Hall Of Fame: Metal Gear Solid
Welcome to the first edition of a new feature here at GodisaGeek, the Hall of Fame. Once a month we will be taking a look at a game that the team feels is one of the greatest games of all time, and sharing our adoration for the title.
This month, members of the GodisaGeek team will be waxing lyrical about Metal Gear Solid, telling you why they love it so deeply, and why it has the very special honour of being the inaugural entry to the GodisaGeek Hall of Fame.
Martin Baker: When I first got a PlayStation in 1998, a few years after it came out, one of the games that I’d continuously heard about was Metal Gear Solid. I knew I had to have it. In my mind there was no question about it. I had no idea at all what I was letting myself into but all I knew was that I needed to play it. At that point nobody could have seen what the franchise was about to launch into, as far as everybody was concerned it was a new game on the market that was interesting. Nothing more.
When I finally got the game, returned home and booted up the PlayStation, I was ready to be blown away. That wasn’t the case. I was bored within the first 10 minutes. This wasn’t the game that I’d been looking forward to, and I started questioning the magazines I’d read. They’d promised me a game that I wouldn’t be able to put down, something that was cinematic in scope and execution. So why then was I staring at a codex communication for a good 15 minutes, where was the cinematic experience? Forget that, where was the game?
I was disheartened to say the least. I’d spent what little money I’d saved up to buy this game and I was already bored.
I worked past it though, and to this day I’m glad I did. While Metal Gear Solid doesn’t have the best start it could have possibly gotten, the rest of the game is amazing. We’re talking about 1998 here. A time when games didn’t really do much in the form of storytelling, and here was a new game telling a story as well as any film could have hoped to have done. More than that though, I was involved, I was the one making the decisions, I decided whether Solid Snake would stick close to a wall and knock on it to lure an enemy out or just hide in a box and wait for him to pass. I was the one that figured out that by smoking a cigarette I would be able to see the laser beams that I’d have to avoid in order to get out of the bunker. I was making the decisions. I was Solid Snake.
To this day I keep my PlayStation around just so that I can play Metal Gear Solid, and from time to time I’ll dust it off, plug that scart lead (!) into the back of my TV and be transported back in time. Metal Gear Solid isn’t the best game in the world, at least in my opinion, but it was pivotal in changing the face of games as we knew them. From that moment on we would more often see game with a story reminiscent of films, heartfelt story lines, emotional characters and an engaging plot. There are many games which deserve a place in the God is a Geek Hall of Fame, Metal Gear Solid is certainly one of them.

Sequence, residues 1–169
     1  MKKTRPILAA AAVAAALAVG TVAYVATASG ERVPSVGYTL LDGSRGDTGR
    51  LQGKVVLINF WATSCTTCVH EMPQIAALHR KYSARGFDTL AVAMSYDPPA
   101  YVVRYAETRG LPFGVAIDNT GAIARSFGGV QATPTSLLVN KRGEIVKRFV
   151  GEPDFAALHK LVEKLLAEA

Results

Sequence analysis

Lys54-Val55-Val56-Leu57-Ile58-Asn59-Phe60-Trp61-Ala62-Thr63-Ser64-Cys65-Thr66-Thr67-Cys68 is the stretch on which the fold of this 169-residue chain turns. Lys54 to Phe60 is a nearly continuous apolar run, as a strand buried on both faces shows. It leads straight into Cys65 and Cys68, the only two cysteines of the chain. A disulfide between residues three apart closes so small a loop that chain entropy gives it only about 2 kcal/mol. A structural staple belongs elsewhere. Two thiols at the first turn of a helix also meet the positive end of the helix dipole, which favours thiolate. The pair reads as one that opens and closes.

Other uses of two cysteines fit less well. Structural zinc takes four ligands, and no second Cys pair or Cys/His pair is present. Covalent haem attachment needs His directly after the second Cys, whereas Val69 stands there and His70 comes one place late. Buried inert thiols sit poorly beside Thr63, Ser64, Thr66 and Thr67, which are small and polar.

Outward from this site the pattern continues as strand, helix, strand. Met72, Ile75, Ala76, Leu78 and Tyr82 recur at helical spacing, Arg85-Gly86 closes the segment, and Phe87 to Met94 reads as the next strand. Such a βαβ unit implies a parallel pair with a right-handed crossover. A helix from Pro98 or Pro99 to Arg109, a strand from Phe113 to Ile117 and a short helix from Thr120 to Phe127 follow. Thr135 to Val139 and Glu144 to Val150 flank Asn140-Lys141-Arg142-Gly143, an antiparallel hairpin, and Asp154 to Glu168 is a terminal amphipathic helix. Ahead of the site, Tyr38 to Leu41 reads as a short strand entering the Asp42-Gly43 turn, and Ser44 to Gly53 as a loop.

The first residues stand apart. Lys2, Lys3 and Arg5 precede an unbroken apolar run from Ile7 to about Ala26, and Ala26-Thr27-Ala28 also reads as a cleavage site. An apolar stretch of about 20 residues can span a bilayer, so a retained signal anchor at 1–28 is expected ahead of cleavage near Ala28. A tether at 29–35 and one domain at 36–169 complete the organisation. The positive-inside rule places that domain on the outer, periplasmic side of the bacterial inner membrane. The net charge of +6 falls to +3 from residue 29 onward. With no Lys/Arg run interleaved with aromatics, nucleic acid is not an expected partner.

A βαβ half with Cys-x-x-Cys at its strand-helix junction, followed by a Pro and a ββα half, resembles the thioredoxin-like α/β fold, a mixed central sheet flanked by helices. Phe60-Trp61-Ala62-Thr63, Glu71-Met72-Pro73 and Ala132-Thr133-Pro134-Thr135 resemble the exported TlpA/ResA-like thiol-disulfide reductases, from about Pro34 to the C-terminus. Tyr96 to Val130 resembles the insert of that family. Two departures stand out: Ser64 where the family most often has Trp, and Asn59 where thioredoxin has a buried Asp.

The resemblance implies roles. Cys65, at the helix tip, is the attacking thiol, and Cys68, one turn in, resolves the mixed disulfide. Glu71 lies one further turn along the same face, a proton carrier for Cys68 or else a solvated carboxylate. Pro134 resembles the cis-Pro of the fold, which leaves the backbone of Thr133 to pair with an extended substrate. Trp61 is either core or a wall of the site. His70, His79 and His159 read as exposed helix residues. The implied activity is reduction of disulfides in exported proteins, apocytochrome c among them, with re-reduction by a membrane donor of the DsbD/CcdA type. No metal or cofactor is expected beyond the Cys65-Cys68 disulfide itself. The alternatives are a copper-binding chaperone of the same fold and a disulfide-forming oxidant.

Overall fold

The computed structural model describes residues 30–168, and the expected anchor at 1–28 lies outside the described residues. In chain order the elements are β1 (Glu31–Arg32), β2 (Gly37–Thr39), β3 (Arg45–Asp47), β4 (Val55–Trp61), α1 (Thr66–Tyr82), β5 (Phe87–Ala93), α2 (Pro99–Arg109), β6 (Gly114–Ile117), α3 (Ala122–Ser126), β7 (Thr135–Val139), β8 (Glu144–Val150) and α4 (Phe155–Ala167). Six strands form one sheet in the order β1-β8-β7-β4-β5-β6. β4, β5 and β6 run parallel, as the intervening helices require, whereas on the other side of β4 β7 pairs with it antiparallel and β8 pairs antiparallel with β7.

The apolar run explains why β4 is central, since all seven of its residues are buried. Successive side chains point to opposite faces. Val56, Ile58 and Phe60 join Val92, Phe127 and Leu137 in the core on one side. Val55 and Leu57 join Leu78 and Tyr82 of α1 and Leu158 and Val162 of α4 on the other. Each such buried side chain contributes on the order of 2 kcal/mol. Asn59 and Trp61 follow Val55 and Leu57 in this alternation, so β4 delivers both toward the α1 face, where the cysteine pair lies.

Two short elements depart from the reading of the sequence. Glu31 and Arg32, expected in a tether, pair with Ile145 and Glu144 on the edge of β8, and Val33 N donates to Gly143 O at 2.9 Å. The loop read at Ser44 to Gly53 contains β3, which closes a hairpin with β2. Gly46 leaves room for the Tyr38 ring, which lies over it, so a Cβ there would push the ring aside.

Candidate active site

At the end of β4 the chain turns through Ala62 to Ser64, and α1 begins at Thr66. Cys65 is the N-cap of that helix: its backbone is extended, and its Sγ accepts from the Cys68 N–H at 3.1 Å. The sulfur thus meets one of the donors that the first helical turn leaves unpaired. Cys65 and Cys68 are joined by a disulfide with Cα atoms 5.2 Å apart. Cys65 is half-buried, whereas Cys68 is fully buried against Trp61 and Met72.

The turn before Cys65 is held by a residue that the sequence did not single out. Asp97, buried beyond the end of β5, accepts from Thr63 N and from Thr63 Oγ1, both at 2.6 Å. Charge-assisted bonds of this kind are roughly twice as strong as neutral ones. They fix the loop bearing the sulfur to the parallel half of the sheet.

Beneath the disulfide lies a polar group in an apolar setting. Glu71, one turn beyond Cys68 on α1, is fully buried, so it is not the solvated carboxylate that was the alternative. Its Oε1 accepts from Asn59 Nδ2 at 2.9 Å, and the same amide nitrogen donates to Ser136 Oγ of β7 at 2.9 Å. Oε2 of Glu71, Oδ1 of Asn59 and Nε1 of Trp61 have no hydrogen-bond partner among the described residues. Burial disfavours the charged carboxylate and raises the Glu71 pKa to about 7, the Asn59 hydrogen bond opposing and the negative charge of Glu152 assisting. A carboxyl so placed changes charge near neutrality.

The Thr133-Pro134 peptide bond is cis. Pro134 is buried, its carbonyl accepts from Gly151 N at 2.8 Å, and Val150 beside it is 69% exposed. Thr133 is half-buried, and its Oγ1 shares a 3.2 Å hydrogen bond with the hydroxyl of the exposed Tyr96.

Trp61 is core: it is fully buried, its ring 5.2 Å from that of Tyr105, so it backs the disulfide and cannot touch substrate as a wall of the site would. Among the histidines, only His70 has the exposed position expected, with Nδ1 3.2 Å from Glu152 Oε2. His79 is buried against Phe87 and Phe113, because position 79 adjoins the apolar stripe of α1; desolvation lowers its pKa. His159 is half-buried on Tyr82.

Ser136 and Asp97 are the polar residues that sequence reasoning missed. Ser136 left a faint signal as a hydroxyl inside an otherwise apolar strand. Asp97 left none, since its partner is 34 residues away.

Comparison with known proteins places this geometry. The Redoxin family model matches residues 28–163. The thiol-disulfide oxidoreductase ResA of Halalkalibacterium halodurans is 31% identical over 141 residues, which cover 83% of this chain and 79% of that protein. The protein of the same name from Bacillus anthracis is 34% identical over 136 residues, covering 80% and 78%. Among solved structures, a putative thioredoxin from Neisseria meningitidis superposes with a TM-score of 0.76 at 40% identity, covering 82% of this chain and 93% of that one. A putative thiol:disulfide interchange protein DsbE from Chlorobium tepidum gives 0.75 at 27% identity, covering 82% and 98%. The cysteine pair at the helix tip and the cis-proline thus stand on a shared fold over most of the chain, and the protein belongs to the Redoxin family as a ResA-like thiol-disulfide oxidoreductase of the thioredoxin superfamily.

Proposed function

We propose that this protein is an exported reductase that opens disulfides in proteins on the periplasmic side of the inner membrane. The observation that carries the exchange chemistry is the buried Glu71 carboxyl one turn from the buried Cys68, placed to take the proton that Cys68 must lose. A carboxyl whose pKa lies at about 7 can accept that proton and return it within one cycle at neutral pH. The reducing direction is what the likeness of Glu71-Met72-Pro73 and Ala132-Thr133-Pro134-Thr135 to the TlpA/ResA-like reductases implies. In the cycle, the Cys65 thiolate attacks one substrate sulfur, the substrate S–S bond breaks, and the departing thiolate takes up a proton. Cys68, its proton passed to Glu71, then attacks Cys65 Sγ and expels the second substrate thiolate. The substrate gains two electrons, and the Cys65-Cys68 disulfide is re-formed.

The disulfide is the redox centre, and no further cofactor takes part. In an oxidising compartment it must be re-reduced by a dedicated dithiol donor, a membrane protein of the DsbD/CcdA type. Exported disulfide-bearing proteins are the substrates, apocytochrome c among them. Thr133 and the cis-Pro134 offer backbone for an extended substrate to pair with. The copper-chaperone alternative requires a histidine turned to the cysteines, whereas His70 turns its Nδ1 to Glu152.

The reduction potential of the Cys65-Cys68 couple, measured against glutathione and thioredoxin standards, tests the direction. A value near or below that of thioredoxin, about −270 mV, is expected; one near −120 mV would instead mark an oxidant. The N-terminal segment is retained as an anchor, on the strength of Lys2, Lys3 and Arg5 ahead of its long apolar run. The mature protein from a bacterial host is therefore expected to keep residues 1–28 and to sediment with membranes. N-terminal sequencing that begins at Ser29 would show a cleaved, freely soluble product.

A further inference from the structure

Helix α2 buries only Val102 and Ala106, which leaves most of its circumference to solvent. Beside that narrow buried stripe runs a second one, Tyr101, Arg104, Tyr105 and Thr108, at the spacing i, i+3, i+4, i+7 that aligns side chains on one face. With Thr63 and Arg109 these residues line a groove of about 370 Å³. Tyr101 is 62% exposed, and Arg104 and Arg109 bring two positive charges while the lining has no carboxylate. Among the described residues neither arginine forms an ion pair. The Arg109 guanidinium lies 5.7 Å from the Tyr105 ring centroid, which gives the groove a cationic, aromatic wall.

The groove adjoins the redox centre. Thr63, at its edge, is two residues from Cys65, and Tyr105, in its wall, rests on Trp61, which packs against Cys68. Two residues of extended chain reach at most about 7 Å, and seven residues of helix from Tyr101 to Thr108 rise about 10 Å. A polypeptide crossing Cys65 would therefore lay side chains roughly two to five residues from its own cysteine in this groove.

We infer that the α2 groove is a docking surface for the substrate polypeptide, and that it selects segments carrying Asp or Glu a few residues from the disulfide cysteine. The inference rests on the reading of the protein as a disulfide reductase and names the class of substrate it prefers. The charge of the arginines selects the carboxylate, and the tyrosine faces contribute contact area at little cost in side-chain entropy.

SNAKE? SNAKE! SNAAAAAAAAAAAAAAAAAKE!!
Mark Bridle: Whenever I think about Metal Gear Solid, I think about this quote referring to Will Ferrel: “It doesn’t matter how bad the script, he totally commits to it and he makes it funny”.
Metal Gear is the same in my book. If you half arse the presentation of that story people will just disregard it as nonsense. You have to commit and make the world real. That is the true genius of Metal Gear.
Metal Gear Solid works because of its commitment. If I were to spin you a yarn about how arguably the best and most influential game of its generation was about an enhanced clone soldier called (yikes) Solid Snake, battling his evil brother, who himself was disguised as Snake’s old friend, fighting to defeat another group of super soldiers, one of whom is psychic, another a foxy sniper, another a spiritualist native american who seems to be able to speak to birds…all of whom have commandeered a giant walking battle tank with a nuclear missile launcher for a right arm (deep breath) then you would tell me that a) computer games are stupid and b) that I’m stupid.
I’m not stupid. Well, at the very least I’m not wrong about this. For all the humorous touches in Hideo Kojima’s best game (yeah, I said it) he tells the story of Snake and Shadow Moses Island with complete conviction and a totally straight face. By really committing to the telling of his story, and getting a very talented voice cast to do the same, he offers the player a world that they can get invested in too. From the unsettling duel against Psycho Mantis, Otacon’s unrequited affection for the sniper called Wolf and the fist-clenching scene with Metal Gear Rex crushing Grey Fox, Snake unable to pull the trigger on an old friend, the player is dragged through the game by the lapels of their sneaking suit.
In many ways, the fact that this game managed to provide innovative gameplay, stunning graphics, multiple routes and solutions to problems, a varied arsenal of weapons, exciting boss fights, a rousing and memorable score, enthralling cutscenes and wildly unique set-pieces is secondary to Kojima’s crowning achievement: he created a videogame comic book world. An insanely elaborate setting, unlikely characters and convoluted narrative that, like the best comic books, are saved by the desire to tell an entertaining tale and make the characters, however wacky, deep and motivated and part of the universe they inhabit. He is also committed to entertaining the player and making sure that every step is fun, new and interesting.